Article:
Agencies affirm pledge to keep Gulf seafood safe

NEW ORLEANS — Health and fisheries officials joined with senior leaders from several federal agencies to affirm a shared commitment to ensuring the safety of seafood coming out of the Gulf of Mexico, through closures of affected waters, surveillance and with an eye toward reopening closed waters as soon as possible, consistent with public health goals.

Representatives from the National Oceanic and Atmospheric Administration (NOAA) National Marine Fisheries Service, U.S. Food and Drug Administration (FDA) and Environmental Protection Agency (EPA) met recently in New Orleans with state health officers and state fisheries directors from Alabama, Florida, Louisiana, Mississippi and Texas to coordinate implementation of a joint protocol for sampling and reopening that will apply to both state and federal waters.

Together, they will implement a comprehensive, coordinated, multi-agency program aimed at ensuring that seafood from the Gulf of Mexico is safe to eat. This is important not only for consumers who need to know their food is safe to eat, but also for fishermen who need to be able to sell their products with confidence.

“No single agency could adequately ensure the safety of seafood coming from the Gulf following this tragedy, but in working together, we can be sure that tainted waters are closed as appropriate, contaminated seafood is not allowed to make it to market, and that closed waters can be reopened to fishing as soon as is safe,” said Eric Schwaab, assistant administrator, National Marine Fisheries Service.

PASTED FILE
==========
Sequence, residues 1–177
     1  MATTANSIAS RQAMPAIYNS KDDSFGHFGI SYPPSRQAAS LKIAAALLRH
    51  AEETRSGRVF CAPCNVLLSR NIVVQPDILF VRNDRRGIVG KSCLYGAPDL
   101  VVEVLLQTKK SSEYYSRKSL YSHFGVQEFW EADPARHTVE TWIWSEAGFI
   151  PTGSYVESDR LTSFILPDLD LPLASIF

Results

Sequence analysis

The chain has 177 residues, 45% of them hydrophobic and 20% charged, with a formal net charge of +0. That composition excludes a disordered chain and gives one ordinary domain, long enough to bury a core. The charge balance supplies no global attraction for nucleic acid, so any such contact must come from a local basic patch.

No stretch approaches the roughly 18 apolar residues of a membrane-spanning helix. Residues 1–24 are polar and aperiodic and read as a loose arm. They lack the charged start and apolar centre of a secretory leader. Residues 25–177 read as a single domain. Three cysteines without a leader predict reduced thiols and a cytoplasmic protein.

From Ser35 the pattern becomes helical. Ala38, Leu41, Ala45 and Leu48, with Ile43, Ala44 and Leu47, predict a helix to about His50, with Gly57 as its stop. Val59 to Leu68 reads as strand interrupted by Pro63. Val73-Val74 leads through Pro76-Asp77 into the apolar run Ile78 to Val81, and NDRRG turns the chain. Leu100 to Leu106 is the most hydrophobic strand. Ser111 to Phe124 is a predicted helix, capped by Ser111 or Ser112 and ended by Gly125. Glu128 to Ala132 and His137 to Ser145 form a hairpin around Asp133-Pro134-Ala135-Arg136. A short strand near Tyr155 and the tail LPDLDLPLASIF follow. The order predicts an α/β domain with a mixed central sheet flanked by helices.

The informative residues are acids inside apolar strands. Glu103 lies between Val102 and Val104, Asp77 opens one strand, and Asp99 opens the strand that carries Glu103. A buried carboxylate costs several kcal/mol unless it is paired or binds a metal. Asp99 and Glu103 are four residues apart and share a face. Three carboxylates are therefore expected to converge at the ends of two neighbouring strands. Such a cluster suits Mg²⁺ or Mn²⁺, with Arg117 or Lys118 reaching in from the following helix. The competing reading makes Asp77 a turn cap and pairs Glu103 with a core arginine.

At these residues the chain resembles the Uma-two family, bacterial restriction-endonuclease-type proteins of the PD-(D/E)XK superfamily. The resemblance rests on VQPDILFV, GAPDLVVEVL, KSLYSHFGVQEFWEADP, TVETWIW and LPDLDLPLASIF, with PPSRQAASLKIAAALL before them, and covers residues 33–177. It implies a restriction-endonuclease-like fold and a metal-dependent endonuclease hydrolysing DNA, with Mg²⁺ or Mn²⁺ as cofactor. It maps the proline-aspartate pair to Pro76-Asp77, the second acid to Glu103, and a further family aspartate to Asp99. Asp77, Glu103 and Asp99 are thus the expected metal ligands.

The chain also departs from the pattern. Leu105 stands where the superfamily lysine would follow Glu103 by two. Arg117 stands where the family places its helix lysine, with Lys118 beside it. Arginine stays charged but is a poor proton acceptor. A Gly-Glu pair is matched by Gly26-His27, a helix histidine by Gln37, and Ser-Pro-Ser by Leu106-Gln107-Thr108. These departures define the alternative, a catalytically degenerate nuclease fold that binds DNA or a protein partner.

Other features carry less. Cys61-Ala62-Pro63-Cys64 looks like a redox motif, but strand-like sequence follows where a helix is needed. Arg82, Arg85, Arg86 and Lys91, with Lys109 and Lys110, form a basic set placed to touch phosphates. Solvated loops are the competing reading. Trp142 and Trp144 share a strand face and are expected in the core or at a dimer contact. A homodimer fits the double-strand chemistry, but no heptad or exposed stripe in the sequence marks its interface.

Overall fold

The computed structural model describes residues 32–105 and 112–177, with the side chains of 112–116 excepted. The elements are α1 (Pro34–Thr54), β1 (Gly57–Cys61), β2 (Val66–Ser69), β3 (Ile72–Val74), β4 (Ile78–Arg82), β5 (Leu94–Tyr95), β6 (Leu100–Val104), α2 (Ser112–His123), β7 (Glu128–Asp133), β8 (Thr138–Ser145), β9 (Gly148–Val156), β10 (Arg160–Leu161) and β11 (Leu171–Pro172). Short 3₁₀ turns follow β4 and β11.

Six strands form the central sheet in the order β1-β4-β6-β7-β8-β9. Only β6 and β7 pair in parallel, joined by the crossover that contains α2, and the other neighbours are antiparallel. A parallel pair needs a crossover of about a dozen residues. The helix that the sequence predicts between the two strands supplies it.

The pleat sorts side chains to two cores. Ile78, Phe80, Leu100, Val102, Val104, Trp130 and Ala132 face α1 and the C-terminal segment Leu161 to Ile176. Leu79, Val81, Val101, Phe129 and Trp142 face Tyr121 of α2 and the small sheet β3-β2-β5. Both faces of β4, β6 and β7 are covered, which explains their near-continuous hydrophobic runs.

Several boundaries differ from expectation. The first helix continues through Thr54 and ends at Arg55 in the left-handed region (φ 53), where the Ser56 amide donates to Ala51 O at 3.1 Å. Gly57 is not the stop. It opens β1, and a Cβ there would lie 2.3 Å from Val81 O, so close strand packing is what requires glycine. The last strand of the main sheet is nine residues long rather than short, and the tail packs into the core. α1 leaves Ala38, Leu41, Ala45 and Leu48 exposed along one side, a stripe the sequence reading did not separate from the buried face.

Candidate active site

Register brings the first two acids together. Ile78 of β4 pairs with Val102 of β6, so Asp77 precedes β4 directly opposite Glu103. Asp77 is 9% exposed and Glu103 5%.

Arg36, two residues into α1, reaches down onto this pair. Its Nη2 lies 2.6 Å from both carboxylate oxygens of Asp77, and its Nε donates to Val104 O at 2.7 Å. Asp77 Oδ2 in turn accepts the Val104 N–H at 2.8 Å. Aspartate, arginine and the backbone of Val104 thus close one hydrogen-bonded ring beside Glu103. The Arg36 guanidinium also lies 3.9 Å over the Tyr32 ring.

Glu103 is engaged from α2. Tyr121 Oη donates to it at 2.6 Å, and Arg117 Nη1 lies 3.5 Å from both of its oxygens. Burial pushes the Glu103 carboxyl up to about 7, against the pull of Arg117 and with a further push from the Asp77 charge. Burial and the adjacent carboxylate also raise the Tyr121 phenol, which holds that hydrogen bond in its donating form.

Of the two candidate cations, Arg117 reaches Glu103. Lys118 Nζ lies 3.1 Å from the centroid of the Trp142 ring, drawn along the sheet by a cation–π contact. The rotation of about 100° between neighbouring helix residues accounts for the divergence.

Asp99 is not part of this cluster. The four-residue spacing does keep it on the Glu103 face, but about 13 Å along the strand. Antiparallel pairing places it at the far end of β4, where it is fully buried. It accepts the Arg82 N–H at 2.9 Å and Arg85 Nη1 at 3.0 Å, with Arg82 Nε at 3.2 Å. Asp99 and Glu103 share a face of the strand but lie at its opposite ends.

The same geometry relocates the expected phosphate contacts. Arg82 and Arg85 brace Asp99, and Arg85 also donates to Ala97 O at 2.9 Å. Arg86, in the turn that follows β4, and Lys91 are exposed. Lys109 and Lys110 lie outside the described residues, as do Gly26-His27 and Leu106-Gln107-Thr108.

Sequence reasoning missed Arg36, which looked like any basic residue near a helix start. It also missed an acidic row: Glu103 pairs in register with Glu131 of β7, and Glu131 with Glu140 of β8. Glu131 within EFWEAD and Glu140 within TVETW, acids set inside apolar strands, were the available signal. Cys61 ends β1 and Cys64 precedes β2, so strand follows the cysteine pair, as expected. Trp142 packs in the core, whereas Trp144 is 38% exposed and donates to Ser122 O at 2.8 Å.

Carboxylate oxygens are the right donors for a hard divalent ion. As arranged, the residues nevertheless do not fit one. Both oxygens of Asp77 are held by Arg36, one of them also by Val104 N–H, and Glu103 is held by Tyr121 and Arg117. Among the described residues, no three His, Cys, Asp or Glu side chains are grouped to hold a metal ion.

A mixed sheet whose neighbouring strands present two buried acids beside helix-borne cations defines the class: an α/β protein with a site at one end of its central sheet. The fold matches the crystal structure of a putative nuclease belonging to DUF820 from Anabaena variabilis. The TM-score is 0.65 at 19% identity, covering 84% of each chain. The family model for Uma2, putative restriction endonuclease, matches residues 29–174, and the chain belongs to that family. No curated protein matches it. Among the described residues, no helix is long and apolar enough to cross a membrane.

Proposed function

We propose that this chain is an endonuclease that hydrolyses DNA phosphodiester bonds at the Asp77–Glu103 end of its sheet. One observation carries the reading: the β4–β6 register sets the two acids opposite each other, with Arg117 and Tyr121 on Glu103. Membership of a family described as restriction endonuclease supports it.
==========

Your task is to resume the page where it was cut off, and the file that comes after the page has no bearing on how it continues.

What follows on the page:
State and federal authorities reached a critical step toward reopening with their agreement on a shared protocol that will be applied as oil contamination abates in federal and state waters.

State authorities in Louisiana are applying the protocol to consider the possible reopening of two areas and NOAA is applying the protocol to consider the reopening of two closed areas off the coasts of Louisiana and Florida.

The first and most important preventive step in protecting the public from potentially contaminated seafood is to close fishing and shellfish harvesting areas in the Gulf that have been or are likely to be exposed to oil from the spill.

In addition, NOAA and FDA are monitoring fish caught just outside of closed areas, and testing them for petroleum compounds, to ensure that the closed areas are sufficiently large so as to prevent the harvest of contaminated fish. So far, fish flesh tested from outside the closure areas have tested well below any level of concern for oil-based contamination.

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